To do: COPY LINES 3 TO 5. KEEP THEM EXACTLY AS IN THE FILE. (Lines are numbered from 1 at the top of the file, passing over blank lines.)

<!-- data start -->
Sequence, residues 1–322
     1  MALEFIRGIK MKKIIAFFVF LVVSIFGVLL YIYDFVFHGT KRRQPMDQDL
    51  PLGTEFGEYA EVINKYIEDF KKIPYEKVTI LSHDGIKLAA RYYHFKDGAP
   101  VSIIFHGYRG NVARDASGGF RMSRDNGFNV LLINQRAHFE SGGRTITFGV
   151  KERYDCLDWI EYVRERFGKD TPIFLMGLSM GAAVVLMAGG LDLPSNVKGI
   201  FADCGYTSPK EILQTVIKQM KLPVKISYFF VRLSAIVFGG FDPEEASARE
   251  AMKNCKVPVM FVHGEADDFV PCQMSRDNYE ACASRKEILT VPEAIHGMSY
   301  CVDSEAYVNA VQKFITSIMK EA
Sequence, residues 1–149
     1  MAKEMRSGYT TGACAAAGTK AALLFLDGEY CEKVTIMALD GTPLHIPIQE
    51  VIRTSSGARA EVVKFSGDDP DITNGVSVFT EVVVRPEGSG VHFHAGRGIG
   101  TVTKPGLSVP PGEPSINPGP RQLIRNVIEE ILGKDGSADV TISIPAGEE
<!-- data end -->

    51  PLGTEFGEYA EVINKYIEDF KKIPYEKVTI LSHDGIKLAA RYYHFKDGAP
   101  VSIIFHGYRG NVARDASGGF RMSRDNGFNV LLINQRAHFE SGGRTITFGV
   151  KERYDCLDWI EYVRERFGKD TPIFLMGLSM GAAVVLMAGG LDLPSNVKGI